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   ARTICLE   |   From Scotsman Guide Commercial Edition   |   March 2010

6 Trends in Environmental Due Diligence

Helping clients through the process starts with understanding lenders' approach

Amid today's shaky business climate and declining property values, mortgage lenders are finding it more important than ever to protect their bottom line. A disciplined due-diligence process helps them do that.

When it comes to financing commercial real estate, environmental contamination is a risk that can impair -- or even kill -- a deal.

Contaminated property securing a loan transaction can expose a lender to direct liability for cleanup costs as well as probable litigation. It also can cause buyers to default if they're forced to divert cash flow to pay for remediation. And in the case of foreclosure, it can leave the bank with property that may be difficult to sell.

To help protect themselves from unnecessary exposure, most commercial lenders conduct some type of environmental due diligence before extending credit -- usually tailored to the specifics of the deal, such as loan size, past use, planned use of the property or another factor.

It's important for commercial mortgage brokers to know not only why environmental contamination can be detrimental to borrowers and lenders but also how lenders' best practices in environmental risk management have evolved to where they are today. Armed with this knowledge, brokers can better determine whether a property will make a good deal for their clients and lending partners.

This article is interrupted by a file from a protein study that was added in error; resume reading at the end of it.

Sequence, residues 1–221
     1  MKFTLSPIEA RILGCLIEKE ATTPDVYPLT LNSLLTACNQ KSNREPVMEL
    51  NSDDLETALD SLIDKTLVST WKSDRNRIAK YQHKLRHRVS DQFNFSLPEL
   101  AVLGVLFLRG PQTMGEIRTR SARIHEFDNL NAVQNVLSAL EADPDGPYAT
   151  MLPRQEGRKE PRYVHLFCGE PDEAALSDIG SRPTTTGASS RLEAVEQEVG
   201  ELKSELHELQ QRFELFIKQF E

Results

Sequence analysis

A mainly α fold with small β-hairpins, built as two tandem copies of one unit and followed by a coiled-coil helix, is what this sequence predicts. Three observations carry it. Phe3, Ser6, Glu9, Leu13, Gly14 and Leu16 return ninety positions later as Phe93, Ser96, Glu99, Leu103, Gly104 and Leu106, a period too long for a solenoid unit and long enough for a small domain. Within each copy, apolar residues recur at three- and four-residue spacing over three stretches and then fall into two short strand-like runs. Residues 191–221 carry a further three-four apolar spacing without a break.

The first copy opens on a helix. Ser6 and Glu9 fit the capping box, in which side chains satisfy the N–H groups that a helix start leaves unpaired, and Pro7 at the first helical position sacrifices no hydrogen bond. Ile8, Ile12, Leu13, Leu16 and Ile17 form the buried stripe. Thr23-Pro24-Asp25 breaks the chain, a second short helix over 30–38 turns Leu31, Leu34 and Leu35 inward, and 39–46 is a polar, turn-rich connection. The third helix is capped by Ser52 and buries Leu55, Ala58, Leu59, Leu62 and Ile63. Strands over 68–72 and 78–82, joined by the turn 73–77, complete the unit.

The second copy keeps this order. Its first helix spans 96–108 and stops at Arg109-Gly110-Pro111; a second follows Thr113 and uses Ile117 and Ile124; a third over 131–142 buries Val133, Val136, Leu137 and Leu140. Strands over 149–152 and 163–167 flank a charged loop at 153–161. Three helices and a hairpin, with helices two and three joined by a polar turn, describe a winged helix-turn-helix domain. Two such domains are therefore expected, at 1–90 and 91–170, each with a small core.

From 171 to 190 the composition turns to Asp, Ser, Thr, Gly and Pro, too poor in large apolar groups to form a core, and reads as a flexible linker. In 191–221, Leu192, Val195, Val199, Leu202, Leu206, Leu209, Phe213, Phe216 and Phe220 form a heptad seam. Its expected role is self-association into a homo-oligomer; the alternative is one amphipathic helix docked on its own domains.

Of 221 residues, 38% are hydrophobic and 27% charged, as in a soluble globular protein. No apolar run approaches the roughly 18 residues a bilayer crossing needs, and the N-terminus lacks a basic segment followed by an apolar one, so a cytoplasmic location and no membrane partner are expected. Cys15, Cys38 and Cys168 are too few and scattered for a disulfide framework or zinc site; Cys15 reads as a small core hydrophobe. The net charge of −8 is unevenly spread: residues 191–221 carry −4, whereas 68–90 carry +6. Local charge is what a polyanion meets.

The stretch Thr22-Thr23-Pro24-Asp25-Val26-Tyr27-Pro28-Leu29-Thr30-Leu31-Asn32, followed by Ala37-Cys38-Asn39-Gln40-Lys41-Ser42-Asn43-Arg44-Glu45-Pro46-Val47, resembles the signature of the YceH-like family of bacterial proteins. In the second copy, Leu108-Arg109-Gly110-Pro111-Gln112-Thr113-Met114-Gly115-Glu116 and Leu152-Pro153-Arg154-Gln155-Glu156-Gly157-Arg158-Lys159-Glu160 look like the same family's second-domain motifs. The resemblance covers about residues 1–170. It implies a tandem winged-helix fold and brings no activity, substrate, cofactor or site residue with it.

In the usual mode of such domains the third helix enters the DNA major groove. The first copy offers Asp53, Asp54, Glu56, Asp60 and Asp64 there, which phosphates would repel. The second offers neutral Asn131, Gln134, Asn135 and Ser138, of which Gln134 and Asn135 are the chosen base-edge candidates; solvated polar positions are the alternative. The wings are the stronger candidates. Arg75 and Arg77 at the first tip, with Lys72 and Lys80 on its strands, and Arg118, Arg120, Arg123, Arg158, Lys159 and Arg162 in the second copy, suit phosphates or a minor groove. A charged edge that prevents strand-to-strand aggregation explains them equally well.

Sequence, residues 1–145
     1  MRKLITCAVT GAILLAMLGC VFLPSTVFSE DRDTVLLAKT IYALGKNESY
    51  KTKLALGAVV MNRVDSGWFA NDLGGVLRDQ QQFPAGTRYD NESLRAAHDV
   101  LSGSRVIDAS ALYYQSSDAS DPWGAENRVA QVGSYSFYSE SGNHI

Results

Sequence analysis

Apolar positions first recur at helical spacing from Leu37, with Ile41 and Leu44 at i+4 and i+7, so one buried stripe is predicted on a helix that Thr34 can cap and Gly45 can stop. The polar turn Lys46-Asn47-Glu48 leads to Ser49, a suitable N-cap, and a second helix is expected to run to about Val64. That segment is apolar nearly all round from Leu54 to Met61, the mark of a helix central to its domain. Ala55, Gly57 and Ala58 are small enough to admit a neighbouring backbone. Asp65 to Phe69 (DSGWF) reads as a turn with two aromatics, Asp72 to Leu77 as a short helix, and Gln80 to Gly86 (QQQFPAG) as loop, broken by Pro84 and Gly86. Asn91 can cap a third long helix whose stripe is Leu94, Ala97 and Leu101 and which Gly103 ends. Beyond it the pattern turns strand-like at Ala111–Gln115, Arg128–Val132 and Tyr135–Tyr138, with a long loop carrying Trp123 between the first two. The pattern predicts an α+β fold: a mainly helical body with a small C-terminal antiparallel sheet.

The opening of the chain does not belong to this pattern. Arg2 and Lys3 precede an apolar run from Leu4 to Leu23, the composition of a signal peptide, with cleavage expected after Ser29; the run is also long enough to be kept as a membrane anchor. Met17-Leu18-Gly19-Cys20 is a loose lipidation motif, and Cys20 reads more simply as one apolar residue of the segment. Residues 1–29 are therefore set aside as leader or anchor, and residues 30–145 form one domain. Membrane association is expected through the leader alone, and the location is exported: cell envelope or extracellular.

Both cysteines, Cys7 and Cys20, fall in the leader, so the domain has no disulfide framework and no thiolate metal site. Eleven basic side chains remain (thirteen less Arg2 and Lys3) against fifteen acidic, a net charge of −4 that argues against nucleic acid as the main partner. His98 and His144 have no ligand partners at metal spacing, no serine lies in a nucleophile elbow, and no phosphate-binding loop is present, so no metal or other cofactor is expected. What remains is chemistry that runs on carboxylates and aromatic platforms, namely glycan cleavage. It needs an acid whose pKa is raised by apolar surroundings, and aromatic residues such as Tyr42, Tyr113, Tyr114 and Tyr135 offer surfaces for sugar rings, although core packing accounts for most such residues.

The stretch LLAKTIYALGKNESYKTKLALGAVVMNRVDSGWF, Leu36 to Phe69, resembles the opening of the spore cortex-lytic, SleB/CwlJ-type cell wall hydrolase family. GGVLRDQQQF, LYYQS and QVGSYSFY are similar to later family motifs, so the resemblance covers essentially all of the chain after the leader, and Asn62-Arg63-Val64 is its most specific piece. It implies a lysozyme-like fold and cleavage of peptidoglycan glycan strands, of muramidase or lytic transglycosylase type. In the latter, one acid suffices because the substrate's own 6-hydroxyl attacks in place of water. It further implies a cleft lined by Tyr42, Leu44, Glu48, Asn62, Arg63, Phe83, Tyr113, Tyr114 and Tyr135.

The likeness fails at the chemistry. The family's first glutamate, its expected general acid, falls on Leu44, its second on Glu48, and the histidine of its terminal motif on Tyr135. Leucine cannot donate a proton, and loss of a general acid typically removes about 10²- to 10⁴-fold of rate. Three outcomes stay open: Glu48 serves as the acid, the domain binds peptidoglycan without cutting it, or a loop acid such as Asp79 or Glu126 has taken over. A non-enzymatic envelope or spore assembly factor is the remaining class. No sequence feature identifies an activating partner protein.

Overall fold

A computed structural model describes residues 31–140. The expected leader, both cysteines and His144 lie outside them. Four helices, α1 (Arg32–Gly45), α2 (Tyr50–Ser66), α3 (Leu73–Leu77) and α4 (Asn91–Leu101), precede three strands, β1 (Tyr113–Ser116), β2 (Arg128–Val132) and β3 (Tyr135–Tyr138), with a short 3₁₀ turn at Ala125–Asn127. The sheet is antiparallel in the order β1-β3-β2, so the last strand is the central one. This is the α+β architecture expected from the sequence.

Although no two banks manage environmental risk quite the same way, the following six distinct trends have emerged in the past few years obligating lenders to address environmental due diligence proactively.

1. Regulatory pressure

In November 2006, the Federal Deposit Insurance Corp. (FDIC) updated its environmental guidelines for the first time in 13 years. It urged banks to address commercial real estate risk exposure proactively. Other agencies, including the Office of Thrift Supervision, the Office of the Comptroller of the Currency and the Federal Reserve Board, quickly followed suit.

This past September, after scrutinizing risk at the nation's largest banks, regulators expanded the net to include smaller banks. A month later, the FDIC issued guidance to assist banks with nonperforming loans. All of this adds up to a new normal: more government involvement in commercial real estate lending.

Challenged to demonstrate to examiners and regulators that they are complying with policy guidance, lenders are staying abreast of the latest regulatory changes and tools for assessing a property's environmental risk. Lenders that have not yet developed formal environmental policies are doing so. Others are updating existing policies to bring them in line with regulatory guidelines.